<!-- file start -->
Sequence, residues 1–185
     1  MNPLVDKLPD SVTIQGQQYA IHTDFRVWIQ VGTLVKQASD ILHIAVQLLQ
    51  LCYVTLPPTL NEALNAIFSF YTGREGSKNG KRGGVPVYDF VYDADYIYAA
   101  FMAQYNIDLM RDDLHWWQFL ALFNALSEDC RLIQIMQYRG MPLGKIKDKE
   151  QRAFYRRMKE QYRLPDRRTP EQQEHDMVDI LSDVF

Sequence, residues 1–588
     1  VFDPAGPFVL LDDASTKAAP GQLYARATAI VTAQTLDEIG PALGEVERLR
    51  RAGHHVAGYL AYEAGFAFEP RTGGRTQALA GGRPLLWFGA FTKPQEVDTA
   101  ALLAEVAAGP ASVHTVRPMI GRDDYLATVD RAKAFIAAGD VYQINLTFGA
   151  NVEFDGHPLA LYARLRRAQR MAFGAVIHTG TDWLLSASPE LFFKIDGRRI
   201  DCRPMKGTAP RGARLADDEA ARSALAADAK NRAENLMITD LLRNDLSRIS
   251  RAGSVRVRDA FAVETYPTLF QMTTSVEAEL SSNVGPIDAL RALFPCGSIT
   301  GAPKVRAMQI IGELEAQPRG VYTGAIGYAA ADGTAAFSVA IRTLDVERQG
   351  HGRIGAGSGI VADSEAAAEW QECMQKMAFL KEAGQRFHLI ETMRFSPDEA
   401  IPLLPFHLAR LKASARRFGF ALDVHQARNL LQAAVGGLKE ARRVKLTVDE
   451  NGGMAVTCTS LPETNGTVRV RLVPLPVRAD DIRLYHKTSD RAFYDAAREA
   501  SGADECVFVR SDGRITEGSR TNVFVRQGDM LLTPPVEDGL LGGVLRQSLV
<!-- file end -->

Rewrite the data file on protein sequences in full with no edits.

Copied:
Sequence, residues 1–185
     1  MNPLVDKLPD SVTIQGQQYA IHTDFRVWIQ VGTLVKQASD ILHIAVQLLQ
    51  LCYVTLPPTL NEALNAIFSF YTGREGSKNG KRGGVPVYDF VYDADYIYAA
   101  FMAQYNIDLM RDDLHWWQFL ALFNALSEDC RLIQIMQYRG MPLGKIKDKE
   151  QRAFYRRMKE QYRLPDRRTP EQQEHDMVDI LSDVF

Sequence, residues 1–588
     1  VFDPAGPFVL LDDASTKAAP GQLYARATAI VTAQTLDEIG PALGEVERLR
    51  RAGHHVAGYL AYEAGFAFEP RTGGRTQALA GGRPLLWFGA FTKPQEVDTA
   101  ALLAEVAAGP ASVHTVRPMI GRDDYLATVD RAKAFIAAGD VYQINLTFGA
   151  NVEFDGHPLA LYARLRRAQR MAFGAVIHTG TDWLLSASPE LFFKIDGRRI
   201  DCRPMKGTAP RGARLADDEA ARSALAADAK NRAENLMITD LLRNDLSRIS
   251  RAGSVRVRDA FAVETYPTLF QMTTSVEAEL SSNVGPIDAL RALFPCGSIT
   301  GAPKVRAMQI IGELEAQPRG VYTGAIGYAA ADGTAAFSVA IRTLDVERQG
   351  HGRIGAGSGI VADSEAAAEW QECMQKMAFL KEAGQRFHLI ETMRFSPDEA
   401  IPLLPFHLAR LKASARRFGF ALDVHQARNL LQAAVGGLKE ARRVKLTVDE
   451  NGGMAVTCTS LPETNGTVRV RLVPLPVRAD DIRLYHKTSD RAFYDAAREA
   501  SGADECVFVR SDGRITEGSR TNVFVRQGDM LLTPPVEDGL LGGVLRQSLV